By Jeremy Rochow
Published: Wednesday, May 1, 2019
Have you ever wondered why Australian motorists, along with a third of the world’s population, drive on the left side of the road?
We did, so we’ve done the research into the reasons different countries drive on different sides of the road. Here’s why.
Why do Australians drive on the left?
To find out why Australian motorists drive on the left we have to take a long step back in time to when the ancient Romans were conquering Europe.
According to the History Channel, Romans drove their carts and chariots on the left for safety reasons.
One theory is that the majority of people were right handed, so driving or riding on the left would allow them to wield a weapon with their dominant hand if they crossed paths with the enemy.
It was for the same reasons that British knights, who brandished lances, stuck to the left side of the road.
Keeping traffic to the left finally became law in the United Kingdom in 1773.
British colonies established outside the UK at the time and in the years that followed – including Australia, India and numerous southern African nations – naturally followed suit.
Driving on the right in Australia could result in a hefty fine.
The Australian road rules state that a driver on a road (except a multi-lane road) must drive as near as practicable to the far left side of the road.
If they fail to do so, they could receive a $305 fine plus a $60 Victims of Crime Levy and 2 demerit points.
Why do the majority of countries drive on the right?
The French revolution may have played a part in the rest of Europe switching to the right side of the road. Prior to the revolution, the French drove on the left but peasants who couldn’t afford a horse or carriage would walk along the right.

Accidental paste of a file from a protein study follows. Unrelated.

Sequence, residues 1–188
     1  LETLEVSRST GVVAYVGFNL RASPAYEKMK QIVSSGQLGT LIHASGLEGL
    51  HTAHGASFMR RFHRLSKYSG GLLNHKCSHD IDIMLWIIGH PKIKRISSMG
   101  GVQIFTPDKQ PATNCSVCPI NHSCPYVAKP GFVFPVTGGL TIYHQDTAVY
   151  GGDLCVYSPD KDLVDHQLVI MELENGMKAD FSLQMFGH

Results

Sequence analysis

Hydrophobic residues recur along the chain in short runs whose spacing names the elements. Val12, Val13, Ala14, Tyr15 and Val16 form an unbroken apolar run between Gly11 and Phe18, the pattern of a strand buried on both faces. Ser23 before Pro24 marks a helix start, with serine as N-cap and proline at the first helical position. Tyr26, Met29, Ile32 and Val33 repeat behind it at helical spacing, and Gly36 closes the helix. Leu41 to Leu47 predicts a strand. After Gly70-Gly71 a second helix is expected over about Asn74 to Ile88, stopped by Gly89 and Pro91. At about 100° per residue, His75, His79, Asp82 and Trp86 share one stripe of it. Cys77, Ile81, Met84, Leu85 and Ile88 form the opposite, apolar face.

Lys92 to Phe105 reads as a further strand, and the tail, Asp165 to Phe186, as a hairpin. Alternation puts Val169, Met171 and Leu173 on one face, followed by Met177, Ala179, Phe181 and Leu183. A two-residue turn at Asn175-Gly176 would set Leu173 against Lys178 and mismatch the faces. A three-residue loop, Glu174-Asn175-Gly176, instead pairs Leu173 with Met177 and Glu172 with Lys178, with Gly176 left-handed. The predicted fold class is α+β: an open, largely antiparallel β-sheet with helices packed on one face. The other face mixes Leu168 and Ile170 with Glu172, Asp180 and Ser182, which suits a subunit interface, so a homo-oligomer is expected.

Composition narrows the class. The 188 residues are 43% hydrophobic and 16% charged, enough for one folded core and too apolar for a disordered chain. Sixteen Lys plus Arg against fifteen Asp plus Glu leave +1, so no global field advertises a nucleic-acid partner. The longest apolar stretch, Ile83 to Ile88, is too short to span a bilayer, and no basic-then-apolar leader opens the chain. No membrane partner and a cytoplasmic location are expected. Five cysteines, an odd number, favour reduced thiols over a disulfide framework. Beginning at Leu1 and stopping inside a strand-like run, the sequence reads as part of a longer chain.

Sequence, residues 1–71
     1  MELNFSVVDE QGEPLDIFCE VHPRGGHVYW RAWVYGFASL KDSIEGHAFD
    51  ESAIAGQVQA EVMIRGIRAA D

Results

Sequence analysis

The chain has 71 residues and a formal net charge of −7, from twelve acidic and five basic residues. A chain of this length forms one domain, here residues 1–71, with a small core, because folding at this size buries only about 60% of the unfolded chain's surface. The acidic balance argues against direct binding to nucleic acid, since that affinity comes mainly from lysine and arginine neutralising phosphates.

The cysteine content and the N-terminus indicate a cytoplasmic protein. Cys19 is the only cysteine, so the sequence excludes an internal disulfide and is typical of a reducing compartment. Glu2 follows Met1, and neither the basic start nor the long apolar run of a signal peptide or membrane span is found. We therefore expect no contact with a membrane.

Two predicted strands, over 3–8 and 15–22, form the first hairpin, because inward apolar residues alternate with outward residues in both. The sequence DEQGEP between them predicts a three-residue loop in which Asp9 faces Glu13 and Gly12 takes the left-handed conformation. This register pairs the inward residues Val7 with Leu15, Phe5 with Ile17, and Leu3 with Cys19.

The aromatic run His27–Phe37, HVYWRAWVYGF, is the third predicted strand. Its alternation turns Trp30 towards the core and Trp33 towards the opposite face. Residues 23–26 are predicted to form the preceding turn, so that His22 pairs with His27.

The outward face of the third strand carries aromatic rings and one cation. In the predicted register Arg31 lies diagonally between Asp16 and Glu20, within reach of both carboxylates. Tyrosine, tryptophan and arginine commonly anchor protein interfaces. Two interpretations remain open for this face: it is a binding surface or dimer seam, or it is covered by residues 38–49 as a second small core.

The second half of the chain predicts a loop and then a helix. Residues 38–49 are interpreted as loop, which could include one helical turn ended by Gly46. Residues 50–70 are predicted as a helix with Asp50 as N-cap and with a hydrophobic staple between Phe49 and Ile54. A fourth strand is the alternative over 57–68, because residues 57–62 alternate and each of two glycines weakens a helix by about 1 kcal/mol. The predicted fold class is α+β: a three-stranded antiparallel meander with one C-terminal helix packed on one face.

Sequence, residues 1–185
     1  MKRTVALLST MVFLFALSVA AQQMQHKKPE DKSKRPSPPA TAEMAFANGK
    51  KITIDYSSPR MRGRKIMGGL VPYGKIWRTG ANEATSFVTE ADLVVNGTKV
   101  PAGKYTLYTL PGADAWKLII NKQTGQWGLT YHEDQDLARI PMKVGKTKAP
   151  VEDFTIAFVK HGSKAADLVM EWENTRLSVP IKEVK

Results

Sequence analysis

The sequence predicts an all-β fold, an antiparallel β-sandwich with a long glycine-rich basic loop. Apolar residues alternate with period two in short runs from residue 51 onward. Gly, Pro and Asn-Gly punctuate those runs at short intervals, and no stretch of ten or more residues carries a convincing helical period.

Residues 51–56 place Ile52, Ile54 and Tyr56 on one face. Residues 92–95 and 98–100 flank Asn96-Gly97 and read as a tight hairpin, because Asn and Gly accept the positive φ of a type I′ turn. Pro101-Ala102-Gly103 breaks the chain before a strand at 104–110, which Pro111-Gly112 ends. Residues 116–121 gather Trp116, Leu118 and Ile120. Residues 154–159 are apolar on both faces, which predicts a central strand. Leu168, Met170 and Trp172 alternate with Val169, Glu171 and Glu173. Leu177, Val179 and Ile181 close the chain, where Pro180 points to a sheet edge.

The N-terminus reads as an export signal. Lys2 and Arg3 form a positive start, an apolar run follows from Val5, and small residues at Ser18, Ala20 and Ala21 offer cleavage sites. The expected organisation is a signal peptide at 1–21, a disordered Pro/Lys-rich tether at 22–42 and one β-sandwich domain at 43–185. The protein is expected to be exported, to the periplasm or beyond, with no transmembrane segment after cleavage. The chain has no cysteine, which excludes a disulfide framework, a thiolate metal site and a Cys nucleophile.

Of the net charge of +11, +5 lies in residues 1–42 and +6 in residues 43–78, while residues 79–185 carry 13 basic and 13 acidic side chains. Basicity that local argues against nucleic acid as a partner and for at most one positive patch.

During the French revolution, aristocrats wanted to keep a low profile and joined the peasants on the right. It stuck, and in 1794 the keep-right law was introduced.
Later, Napoleon’s conquests spread the new law to a number of European countries, including Germany, Spain, Italy and Poland. Many of these countries had colonies across the world which in turn inherited their road customs
English driving customs spread to America, however after gaining independence in 1776 and forming the United States of America, the country wanted to cast off as many remaining links with their British colonial past and gradually began driving on the right.
Have some countries switched sides recently?
Despite the United States swapping to the right side of the road, its closest neighbour Canada remained split on which direction it should drive in for a number of years.
Drivers in the French territory of Quebec drove on the right, while English-held regions like British Columbia, Nova Scotia and Newfoundland remained on the left.
It wasn’t until the 1920s that British Columbia and the Atlantic provinces fell in line with the rest of Canada and the United States.
Newfoundland held out until 1947, finally switching sides two years before the province officially became part of Canada.
To match its neighbours, Sweden decided to swap from the left to right in 1967. Months of planning took place, with traffic lights reversed, road signs changed, and lines repainted, before the whole country swapped directions on the morning of Sunday 3 September.
Samoa – not to be confused with American Samoa – was the most recent country to change sides.
Bucking the trend of countries switching to the right, the country’s then-Prime Minister, Tuilaepa Sailele Lupesoliai Malielegaoi, decided Samoa should drive on the left, to make it easier to import cars from countries such as Japan, New Zealand and Australia.
At 6am on 8 September, 2009 sirens sounded and drivers were told the move from the right to the left side of the road.
According to the BBC, the change went relatively smoothly without any major crashes, but still attracted some controversy.
Protest groups, worried the change would spark mayhem, blocked roads for several hours and bus drivers protested that their doors would open in the middle of the road.